This month’s cover story focuses on the work of the Offshore Renewable Energy (ORE) Catapult in helping to develop the UK supply chain in this rapidly growing market.
For many years, the debate around the development of greener forms of energy generation has revolved around reducing the impact of carbon emissions on the environment and climate change.
However, the fallout from the war in Ukraine and subsequent rise in energy costs due to Europe’s reliance on Russian oil and gas has highlighted that being able to generate as much of our own electricity domestically not only means cheaper energy but also a system that is more resilient to the fluctuations of global politics.
The UK has already made much progress in offshore renewable energy. In fact, it is said we currently have the largest installed offshore wind capacity in the world, with many more arrays either being built or planned in the pipeline – or should I say cable!
Nevertheless, it has to be admitted that up to this point most of the benefit in manufacturing terms has been reaped by foreign owned companies. That’s why the most important statistic quoted by Andrew Macdonald, director of offshore wind development and operations at ORE Catapult in the article, is the UK Government’s commitment that by 2030, 60% of the content in UK wind farms should come from our own domestic businesses.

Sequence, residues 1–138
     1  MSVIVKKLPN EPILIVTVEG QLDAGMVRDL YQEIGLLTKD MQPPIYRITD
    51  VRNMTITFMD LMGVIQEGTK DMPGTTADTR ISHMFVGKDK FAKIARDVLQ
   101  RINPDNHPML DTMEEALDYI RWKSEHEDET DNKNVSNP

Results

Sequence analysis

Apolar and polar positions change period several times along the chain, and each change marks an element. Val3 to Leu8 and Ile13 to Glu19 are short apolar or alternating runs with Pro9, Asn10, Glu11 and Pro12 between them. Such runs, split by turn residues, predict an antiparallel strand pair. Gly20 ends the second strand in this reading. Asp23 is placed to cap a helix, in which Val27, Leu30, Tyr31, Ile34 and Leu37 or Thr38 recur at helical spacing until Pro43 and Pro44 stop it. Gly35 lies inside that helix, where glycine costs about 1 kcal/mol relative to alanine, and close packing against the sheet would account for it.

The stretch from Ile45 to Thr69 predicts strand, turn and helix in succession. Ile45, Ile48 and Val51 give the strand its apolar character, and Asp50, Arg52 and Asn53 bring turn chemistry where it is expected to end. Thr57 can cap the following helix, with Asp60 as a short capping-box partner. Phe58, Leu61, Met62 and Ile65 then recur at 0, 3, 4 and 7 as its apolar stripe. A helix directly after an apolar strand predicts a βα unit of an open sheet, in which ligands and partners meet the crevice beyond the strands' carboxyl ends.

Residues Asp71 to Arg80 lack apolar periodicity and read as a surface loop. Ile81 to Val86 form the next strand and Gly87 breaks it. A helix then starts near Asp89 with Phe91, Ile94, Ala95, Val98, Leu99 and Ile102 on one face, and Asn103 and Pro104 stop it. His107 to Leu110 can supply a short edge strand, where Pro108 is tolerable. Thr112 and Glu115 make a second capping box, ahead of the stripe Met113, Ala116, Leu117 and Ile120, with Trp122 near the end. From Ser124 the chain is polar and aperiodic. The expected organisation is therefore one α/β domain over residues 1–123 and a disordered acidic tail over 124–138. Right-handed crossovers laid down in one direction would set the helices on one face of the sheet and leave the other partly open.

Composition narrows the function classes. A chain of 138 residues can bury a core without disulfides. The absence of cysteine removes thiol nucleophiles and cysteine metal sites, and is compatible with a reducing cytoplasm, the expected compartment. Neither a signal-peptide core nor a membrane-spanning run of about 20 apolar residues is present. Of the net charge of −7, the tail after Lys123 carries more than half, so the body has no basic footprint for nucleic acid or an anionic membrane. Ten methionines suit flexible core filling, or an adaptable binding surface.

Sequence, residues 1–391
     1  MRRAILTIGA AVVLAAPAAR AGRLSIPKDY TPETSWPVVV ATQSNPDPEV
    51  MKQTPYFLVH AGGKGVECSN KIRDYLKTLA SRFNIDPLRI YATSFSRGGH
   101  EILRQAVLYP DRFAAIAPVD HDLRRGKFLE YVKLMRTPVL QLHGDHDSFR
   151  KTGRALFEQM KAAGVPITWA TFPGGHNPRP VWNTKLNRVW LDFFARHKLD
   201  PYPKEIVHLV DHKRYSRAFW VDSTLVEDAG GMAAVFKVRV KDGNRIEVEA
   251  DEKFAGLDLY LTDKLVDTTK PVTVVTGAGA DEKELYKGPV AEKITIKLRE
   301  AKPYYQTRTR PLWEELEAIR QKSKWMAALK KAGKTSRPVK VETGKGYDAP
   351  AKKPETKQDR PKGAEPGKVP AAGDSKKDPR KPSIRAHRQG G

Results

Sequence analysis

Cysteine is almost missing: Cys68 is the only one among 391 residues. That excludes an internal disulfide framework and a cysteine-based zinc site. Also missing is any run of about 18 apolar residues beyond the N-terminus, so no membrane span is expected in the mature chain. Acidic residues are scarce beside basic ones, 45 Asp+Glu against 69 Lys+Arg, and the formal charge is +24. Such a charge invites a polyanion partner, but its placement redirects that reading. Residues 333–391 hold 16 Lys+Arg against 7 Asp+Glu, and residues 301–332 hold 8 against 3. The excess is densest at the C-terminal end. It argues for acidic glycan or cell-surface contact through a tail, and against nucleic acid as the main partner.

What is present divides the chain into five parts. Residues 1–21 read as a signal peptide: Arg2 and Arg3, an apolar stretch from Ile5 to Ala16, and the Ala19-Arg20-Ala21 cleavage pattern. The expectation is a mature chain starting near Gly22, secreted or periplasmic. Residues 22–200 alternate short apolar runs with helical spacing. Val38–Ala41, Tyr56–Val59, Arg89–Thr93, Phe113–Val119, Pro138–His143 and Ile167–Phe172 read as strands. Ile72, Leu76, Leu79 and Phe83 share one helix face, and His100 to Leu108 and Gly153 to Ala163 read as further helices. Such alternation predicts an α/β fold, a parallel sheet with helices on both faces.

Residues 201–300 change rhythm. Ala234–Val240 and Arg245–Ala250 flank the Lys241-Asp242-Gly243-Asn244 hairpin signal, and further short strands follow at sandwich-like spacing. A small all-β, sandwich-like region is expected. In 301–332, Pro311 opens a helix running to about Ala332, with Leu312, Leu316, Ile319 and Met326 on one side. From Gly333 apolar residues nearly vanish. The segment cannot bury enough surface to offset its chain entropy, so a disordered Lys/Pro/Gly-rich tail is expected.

This is a huge opportunity for UK companies to make the most of our renowned ability for innovation and high engineering standards, and to develop those skills and technology not only for our own market but also to export them globally. Aside from wind power there are also prospects in related technologies such as wave and tidal power.
So, I urge engineering businesses to explore the offshore energy market, even if you have little or no experience of it before. Even if your nearest HâO is a canal in the West Midlands. This is exactly why organisations like the ORE Catapult exist, to identify the opportunities available and help you take the first steps along that journey.
The Government’s target is that 30% of our energy should come from offshore sources by 2030. If we are to reach it there will be huge demand and we need to nurture homegrown capability and capacity as much as we can. Too often UK companies seem to miss out when it comes to newer markets like these so there has never been a better time to get involved.